i love that you made your own ketchup – and i love that you used a hybrid of recipes including your grandmom’s old cookbook. i think only a a person who loves to cook and understands food would be able to ween themselves off of the HFCS ketchup and move into the au natural kind. i’ve gotta try this.

So I made the tomatillo ketchup. Twas good, but very different. More like a sweet and source sauce… I tasted Heinz ketchup for a comparison and I loved the boost from the spices.

I love the idea, Katie – your post is awesome. I’m totally going to try it. Mulling spices = brilliant.

I actually make and “can” my own ketchup every year. It is so good and I can play with the flavors without breaking the bank (have you priced gourmet ketchups??) We plant around 20 tomato plants a year along with out other produce so I don’t normally have to buy tomatoes but did need to find a way to use what we produced. People should try making ketchup. There is something very satisfying about seeing all those jars with bright red contents lined up. So glad I learned how to preserve my harvests years ago!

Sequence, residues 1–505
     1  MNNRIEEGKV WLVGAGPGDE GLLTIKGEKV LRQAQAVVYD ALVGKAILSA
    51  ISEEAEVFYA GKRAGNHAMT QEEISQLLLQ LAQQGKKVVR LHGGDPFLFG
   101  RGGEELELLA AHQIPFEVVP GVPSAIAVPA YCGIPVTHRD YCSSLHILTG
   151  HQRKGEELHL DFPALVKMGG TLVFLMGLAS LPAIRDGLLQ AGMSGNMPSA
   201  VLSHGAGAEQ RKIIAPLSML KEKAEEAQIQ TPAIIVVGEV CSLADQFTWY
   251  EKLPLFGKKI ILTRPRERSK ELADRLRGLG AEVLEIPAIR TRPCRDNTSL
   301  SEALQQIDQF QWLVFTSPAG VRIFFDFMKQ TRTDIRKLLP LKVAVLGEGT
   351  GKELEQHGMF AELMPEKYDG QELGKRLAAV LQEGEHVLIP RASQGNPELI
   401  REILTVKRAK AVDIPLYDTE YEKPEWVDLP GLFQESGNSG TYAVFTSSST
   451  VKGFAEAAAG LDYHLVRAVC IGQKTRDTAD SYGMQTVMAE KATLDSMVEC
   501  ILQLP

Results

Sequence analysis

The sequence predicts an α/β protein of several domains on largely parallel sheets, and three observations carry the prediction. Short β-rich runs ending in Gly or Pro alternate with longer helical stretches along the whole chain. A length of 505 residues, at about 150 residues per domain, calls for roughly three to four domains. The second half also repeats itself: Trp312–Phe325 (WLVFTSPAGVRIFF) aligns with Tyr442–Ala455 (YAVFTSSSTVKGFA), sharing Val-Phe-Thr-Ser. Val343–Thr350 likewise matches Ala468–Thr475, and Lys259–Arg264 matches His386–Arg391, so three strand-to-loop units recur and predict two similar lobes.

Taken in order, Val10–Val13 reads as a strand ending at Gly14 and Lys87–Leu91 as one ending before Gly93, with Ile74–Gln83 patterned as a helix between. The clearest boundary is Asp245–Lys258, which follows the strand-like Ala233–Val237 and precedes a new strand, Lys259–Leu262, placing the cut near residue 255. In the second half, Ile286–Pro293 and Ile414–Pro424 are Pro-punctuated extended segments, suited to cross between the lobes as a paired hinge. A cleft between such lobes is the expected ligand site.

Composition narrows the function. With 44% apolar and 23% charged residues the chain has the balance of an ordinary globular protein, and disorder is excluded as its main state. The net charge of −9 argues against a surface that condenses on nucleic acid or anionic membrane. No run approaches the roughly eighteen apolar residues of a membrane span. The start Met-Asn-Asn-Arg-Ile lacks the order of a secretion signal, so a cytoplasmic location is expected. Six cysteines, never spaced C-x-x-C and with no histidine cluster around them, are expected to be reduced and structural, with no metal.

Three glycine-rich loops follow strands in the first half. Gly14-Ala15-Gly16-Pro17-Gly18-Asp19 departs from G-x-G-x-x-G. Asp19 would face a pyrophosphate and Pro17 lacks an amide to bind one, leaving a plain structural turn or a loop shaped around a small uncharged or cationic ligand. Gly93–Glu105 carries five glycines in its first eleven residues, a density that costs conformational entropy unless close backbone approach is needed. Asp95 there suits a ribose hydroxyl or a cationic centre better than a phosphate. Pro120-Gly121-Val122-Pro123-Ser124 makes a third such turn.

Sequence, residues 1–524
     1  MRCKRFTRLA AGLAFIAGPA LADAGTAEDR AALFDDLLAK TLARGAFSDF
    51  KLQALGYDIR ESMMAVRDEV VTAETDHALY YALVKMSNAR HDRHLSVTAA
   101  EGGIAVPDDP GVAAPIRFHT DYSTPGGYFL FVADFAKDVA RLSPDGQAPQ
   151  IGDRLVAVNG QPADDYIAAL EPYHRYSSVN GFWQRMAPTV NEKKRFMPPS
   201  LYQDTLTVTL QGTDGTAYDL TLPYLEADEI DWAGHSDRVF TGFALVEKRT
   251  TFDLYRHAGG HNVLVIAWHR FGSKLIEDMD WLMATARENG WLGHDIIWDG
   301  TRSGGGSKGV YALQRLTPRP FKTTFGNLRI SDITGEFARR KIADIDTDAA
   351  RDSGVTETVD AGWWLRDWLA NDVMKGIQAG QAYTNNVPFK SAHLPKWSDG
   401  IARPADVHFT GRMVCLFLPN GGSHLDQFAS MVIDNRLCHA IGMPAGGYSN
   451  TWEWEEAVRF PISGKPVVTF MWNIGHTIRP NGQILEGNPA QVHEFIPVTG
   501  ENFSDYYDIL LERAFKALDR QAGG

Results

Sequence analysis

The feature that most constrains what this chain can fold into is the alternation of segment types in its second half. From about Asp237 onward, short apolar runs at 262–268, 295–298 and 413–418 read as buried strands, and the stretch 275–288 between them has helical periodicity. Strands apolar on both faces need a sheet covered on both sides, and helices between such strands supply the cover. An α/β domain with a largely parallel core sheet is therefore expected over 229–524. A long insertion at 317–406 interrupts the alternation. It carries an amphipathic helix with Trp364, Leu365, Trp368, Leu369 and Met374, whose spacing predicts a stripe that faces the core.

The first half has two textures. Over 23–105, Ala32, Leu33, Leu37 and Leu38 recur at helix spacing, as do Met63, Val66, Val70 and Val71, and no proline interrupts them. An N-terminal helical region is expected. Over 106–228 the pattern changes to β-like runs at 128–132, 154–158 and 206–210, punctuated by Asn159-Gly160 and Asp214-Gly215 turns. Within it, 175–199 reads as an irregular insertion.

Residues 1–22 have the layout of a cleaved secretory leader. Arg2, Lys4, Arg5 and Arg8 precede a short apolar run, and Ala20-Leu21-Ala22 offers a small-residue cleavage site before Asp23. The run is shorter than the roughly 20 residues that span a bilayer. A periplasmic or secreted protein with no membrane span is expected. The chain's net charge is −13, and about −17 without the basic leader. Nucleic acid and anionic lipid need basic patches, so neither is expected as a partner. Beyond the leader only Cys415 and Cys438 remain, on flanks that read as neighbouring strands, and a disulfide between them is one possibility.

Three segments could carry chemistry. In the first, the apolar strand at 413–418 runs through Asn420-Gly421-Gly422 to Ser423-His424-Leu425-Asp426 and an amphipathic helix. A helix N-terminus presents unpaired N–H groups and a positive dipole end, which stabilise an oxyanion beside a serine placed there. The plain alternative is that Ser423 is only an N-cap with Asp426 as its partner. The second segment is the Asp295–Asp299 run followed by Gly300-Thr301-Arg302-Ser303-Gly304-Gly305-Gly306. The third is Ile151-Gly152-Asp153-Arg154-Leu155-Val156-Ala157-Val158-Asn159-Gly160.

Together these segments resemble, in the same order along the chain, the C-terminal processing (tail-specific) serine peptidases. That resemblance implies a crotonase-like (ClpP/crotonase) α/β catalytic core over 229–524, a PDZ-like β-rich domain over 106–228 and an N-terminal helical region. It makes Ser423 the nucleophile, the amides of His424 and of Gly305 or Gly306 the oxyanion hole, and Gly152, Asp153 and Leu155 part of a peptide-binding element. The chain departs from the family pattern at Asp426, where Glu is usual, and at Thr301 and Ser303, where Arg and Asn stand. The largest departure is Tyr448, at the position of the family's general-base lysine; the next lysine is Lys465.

Have you considered using grated carrots instead of sugar? This is what I use when I make any tomato-based sauces, when I am concerned about acidity.

What a great blog! I used your recipe and came up with something quite nice. A little cinnamonny for my taste, but good.
I blogged about it here:

Huh? So what Heinz isn’t telling us is that the other 51 “flavours” in their ketchup are actually preservatives, with an extra added bonus of a healthy dose of mercury. Wow!

Your ketchup looks really great! I’m going to try it this weekend–with a little substition of honey or agave syrup instead of brown sugar. You obsessive avoidance of HFCS = my obsessive avoidance of cane sugar Do you think the “liquid sweet” will effect the outcome? Maybe just will need to cook a little longer??

I don’t think a liquid sweet would affect the outcome too much – agave is a little more neutral in flavor so I think I’d go with that over honey. The molasses-y flavor of the brown sugar adds a little something to flavor, though – maybe if you add a teaspoon of actual molasses (maybe less) it might mimic the brown sugar taste.